Gangway!: Sea Language Comes Ashore
Courier Corporation, Feb 16, 2012 - Language Arts & Disciplines - 192 pages
"A delight to all who enjoy the American language." — The Christian Science Monitor Landlubbers use a remarkable number of terms and expressions that originated at sea, from "casting about" and "learning the ropes" to "parting company," "spinning a yarn," and "going by the board." This readable dictionary of maritime vernacular offers concise explanations for the seagoing meanings behind "catspaw," "kick the bucket," "kittle o' fish," "palaver," "three sheets in the wind," and other curious lingo.
Hailed by The Washington Post as "entertaining and informative," this illustrated reference is a great gift for any sailor or lover of language. It's also a unique contribution to the study of American English and slang.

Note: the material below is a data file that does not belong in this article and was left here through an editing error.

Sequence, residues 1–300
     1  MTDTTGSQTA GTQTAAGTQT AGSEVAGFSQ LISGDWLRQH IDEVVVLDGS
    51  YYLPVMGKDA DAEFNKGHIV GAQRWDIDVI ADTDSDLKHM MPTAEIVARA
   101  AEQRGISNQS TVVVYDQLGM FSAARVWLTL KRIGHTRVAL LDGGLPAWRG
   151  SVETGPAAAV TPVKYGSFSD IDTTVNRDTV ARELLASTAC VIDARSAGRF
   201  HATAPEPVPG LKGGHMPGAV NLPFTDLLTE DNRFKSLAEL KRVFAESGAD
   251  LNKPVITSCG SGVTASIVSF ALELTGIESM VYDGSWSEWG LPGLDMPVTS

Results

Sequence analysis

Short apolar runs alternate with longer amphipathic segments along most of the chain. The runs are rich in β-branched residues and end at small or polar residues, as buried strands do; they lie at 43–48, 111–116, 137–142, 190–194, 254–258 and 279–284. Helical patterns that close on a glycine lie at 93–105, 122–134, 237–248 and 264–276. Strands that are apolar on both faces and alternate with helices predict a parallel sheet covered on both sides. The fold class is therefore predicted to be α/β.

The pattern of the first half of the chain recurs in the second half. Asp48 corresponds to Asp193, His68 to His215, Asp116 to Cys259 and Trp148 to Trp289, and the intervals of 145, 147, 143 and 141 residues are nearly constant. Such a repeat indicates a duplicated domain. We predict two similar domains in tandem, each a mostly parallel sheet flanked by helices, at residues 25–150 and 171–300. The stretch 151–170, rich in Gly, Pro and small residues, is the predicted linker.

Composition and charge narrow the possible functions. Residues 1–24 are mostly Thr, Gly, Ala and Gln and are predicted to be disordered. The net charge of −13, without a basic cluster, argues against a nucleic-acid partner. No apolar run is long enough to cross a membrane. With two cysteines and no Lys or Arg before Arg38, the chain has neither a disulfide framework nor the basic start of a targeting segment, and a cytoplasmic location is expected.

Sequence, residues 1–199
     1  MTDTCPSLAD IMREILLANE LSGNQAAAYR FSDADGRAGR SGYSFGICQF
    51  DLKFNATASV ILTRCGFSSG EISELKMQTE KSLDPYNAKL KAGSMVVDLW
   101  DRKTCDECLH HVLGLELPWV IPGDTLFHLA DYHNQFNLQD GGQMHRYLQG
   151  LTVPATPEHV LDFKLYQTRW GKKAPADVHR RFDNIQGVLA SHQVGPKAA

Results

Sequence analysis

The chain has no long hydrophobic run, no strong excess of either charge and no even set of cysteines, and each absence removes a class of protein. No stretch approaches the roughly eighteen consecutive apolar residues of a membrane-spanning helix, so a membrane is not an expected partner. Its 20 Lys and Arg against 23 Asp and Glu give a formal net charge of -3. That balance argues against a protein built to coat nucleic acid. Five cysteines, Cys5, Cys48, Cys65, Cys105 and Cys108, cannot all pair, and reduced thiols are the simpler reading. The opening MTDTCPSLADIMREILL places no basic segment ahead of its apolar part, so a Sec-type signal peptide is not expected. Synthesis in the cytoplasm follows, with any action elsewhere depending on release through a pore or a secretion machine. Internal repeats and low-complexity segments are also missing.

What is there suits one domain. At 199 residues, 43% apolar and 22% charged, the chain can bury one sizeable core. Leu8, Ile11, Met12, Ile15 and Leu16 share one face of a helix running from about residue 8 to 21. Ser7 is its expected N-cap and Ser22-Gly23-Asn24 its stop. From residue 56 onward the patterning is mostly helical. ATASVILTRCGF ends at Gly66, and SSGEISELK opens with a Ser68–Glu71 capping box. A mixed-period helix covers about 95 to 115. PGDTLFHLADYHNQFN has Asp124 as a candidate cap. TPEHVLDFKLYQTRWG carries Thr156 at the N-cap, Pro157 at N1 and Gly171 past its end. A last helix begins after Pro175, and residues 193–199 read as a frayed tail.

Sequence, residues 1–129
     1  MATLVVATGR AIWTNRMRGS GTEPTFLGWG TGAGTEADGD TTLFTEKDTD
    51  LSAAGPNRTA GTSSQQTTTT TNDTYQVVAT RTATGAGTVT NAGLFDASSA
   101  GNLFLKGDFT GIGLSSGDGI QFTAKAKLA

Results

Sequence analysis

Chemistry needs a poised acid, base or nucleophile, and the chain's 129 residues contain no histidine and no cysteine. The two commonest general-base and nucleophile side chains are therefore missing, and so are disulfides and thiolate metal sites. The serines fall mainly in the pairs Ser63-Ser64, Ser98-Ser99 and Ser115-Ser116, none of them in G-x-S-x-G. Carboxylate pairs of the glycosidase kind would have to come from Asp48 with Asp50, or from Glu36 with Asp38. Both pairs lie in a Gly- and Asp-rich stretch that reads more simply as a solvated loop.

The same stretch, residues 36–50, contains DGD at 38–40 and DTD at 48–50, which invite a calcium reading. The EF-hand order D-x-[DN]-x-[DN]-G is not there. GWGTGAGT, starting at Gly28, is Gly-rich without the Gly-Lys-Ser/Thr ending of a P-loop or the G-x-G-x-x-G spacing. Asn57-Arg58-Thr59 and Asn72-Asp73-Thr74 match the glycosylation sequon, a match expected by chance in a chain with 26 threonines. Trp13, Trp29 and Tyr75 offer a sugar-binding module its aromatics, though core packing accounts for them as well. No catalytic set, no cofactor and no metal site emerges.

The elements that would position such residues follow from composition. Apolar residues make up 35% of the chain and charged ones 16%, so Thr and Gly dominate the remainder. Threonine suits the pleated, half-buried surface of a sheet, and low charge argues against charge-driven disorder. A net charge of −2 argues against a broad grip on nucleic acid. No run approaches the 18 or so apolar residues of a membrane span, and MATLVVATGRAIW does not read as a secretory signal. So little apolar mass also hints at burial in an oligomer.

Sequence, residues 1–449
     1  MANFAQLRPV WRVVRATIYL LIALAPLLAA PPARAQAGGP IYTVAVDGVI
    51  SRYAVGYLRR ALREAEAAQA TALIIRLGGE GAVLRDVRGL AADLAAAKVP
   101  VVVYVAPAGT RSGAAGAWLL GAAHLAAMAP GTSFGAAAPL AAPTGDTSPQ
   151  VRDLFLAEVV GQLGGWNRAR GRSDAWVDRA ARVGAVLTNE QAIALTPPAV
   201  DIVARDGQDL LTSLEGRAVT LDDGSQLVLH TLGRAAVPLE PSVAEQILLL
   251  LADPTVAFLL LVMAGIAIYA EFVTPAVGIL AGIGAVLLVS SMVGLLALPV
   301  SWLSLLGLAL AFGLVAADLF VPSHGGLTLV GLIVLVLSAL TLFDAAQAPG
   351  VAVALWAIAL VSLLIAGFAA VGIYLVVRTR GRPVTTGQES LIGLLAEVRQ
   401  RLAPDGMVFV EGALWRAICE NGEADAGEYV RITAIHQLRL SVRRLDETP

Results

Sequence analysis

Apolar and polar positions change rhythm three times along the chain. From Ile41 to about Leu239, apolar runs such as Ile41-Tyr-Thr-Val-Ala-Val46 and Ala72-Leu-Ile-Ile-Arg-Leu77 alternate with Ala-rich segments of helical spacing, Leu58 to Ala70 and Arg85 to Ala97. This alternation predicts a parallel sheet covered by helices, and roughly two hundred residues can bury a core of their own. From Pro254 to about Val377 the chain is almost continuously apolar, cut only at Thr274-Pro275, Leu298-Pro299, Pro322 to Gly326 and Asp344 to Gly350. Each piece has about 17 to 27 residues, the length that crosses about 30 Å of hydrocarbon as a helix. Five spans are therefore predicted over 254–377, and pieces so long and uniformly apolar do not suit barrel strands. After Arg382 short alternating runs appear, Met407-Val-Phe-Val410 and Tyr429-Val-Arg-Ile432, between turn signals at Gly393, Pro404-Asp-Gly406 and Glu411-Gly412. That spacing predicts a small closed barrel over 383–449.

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admiralty law anchor appears applied blow Blue Peter boat boom brace British brought home called Cap’n Cape Cape Horn captain cargo coast coastal dialect Colcord colors common in shore compass crew Davy Jones dead deck Dutch fast Fiddler’s Green figuratively fish fisherman’s float Forms of address French furling sails gale galley hail hand hatch haul heave heavy home by sailors keel knot land landsman’s landspeople leeward man’s marine masts mate nautical origin naval navigation Navy oars occasionally one’s overboard person phrase meaning Pidgin English port Pronounced Pronunciation reef Reef knot refers rope sail sailor’s term sea and alongshore sea origin sea term seafaring seaman sense alongshore sheets ship ship’s shipboard shore expression shore phrase shore slang shore speech slack sometimes spar starboard steer stern storm tack tide verb vessel voyage watch weather weather gage Weekley West whale wind Windjammer windward